Calculations show that just keeping all the contestants cool for two months can produce 1,204kg of carbon dioxide.
Meanwhile the night vision cameras and boiling of kettles equates to the same carbon footprint as more than 5,400 plastic bottles.
So the villa would need the equivalent of 1,659 trees planted to offset its total carbon footprint.
But of course, it’s not just Love Island that has a large carbon footprint. In 2011, research commissioned by the BBC found that TV production, for just an hour at the BBC, produced about 8.2 tonnes of carbon dioxide (the BBC annually produces 3,800 hours of TV in-house).
Roughly, this equates to the heating and lighting emissions of two semi-detached houses over a whole year.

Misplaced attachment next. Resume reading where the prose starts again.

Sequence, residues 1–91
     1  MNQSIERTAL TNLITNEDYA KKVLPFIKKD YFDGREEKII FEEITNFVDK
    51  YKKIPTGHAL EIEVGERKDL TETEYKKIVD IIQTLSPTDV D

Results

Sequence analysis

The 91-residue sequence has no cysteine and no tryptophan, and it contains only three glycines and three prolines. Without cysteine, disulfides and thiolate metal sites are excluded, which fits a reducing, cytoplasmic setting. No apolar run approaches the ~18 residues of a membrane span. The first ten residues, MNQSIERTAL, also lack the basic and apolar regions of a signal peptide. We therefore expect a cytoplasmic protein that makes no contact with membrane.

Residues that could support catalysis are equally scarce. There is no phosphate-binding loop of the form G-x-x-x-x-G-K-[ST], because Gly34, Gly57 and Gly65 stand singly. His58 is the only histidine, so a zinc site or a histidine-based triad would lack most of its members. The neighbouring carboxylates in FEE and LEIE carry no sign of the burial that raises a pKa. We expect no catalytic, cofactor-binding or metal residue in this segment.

By 2020, that figure was 9.2 tonnes of carbon dioxide per hour which is a 10% drop from 10.2 tonnes in 2017, amid efforts to reduce the impact.
In 2021, carbon dioxide concentration in the earth’s atmosphere will reach 417 parts per million (50% higher than before the industrial revolution) with half of the carbon dioxide increase occurring since 1980.
The TV industry is aware of its impact and says it aims to move towards zero carbon emissions – the BBC, ITV, Channel 4, UKTV, Sky, and Netflix have all committed to using a bespoke calculator which works out the carbon footprint of their production.
But let’s not forget the biggest contributors to global warming – the top 20 companies that contributed to 35% of all energy-related carbon dioxide and methane worldwide, totalling 480 billion tonnes of carbon dioxide equivalent since 1965 (including Shell and BP).
How many trees would they need to plant to offset that? (Answer: A lot)